The impact of the lockdown on safeguarding is starting to show – with a number of reports showing a rise on phycological stress and safety concerns among young people.

EDLounge reported in June that schools were braced for a “tsunami of safeguarding disclosures” when schools reopened.

Safeguarding Week 2020 has taken extra significance due to the unprecedented circumstances, according to the Chair of North Yorkshire’s Safeguarding Adults Board (NYSAB)

This blog post takes a look at the impact on lockdown and what teachers can do to spot flags.

What has been the impact of lockdown on safeguarding?

Safeguarding impact of lockdown

According to Mercy Corps psychosocial stress was affecting the majority of girls during lockdown.

The report states:

The extended lockdown and the continued fear of the outbreak has evidently had an impact among project participants and school going students. The restrictions due to the lockdown, lack of daily regular activities and uncertainty of the situation has caused some level of psychological stress while the overall situation has increased susceptibility of risks of abuse, domestic violence and other forms of harassment.

Psychological stress

According to the report, 56% of girls said they were coping with psychological stress during the period – largely comprising concerns of the uncertainty of the situation, the fear of the outbreak and lack of regular activities.

50% of girls surveyed found that the indefinite postponement of school was a contributing factor to rising psychological stress.

Safety concerns

The survey also found 12% of respondents voiced safeguarding concerns during lockdown.

What does safeguarding mean?

North Yorkshire County Council says:

Safeguarding means working together to stop abuse and prevent it happening in the future – everyone has a right to live a life that is free from abuse and neglect. The aims of Safeguarding Week are to emphasise that everyone has a role to play in spotting the signs of abuse, encourage the public and professionals in all walks of life to be aware of the many forms abuse can take, and what to do if they are worried about someone.

Dr Sue Proctor, Chair of North Yorkshire’s Safeguarding Adults Board (NYSAB) said:

Abuse and harm can take many different forms and the fact many people have been at home during the lockdown could amplify the opportunity for such harm to be inflicted. It’s so important to reiterate to everyone how to identify someone who may be at risk, but also what to do with that information and the importance of highlighting it.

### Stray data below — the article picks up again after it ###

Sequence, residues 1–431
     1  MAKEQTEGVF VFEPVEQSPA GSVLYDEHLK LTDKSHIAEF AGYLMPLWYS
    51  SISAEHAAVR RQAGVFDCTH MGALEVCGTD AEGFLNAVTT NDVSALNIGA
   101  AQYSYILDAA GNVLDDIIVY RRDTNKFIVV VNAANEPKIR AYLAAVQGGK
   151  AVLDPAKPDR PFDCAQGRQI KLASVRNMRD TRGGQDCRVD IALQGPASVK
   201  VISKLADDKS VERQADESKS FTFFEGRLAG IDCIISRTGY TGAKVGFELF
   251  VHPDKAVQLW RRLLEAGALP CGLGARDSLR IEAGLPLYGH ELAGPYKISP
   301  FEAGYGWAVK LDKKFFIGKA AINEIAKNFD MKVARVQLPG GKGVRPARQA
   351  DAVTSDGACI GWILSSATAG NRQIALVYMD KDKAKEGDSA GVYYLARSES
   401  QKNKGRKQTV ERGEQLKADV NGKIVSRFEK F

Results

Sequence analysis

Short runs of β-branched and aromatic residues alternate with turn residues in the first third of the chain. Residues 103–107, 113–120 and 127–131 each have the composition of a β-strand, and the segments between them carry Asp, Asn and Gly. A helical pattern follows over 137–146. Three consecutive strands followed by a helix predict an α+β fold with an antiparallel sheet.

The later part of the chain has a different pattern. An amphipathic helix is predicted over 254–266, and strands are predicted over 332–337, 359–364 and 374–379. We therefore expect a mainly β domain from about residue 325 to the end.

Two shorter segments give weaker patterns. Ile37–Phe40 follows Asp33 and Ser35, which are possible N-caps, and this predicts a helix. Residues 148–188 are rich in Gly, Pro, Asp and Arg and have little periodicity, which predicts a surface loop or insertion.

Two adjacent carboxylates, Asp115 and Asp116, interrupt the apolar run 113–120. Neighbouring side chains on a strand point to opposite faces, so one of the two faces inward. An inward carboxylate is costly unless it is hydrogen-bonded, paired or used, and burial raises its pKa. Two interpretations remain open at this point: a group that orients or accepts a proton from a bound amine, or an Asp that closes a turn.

Safeguarding is everyone’s concerns and could have a long term impact.

How can schools spot the impact of lockdown on students?

The NSPCC has urged teachers to be extra vigilant for signs of neglect.

Peter Wanless, Chief Executive of the NSPCC said:

With schools closed its not just education that children have missed out on.

  Many will have lost the only place they feel safe and access to the only adults they can trust. Moreover, we know that children who have had traumatic experiences find it hard to engage academically.

The Government said:

We know that schools play a key role in protecting children, so we are working to ensure all children can return in September and are also looking at how to support the safety and wellbeing of vulnerable children by expanding the number of social workers placed in schools to help teachers identify any children at risk.

At the same time, we have encouraged schools to focus on mental wellbeing as pupils return, published a list of mental health resources to help those supporting children at home, and will be running webinars for schools to provide further support to education settings as pupils return to school to help promote and support positive mental health.

How EDClass can help

Safeguarding to EDClass’ number one priority with a wide range of safeguarding policies in action to protect children learning at home.

For students studying via our online platform a wide range of safeguarding mechanisms are provided.

Eyes-on learning means that our highly trained teachers can report any concerns they may see onscreen via the webcam connected.

Pupils also have access to alert mechanisms as well as instant chat and questions and answer sessions. They can also ask for assistance anytime face-to-face with teachers.

All EDClass staff have been enhanced DBS checked and receive regular and extensive safeguarding training.

Click here for more information.

Find out more about Safeguarding Week here.

For more information call 01909 568338 or email mail@edclass.com.

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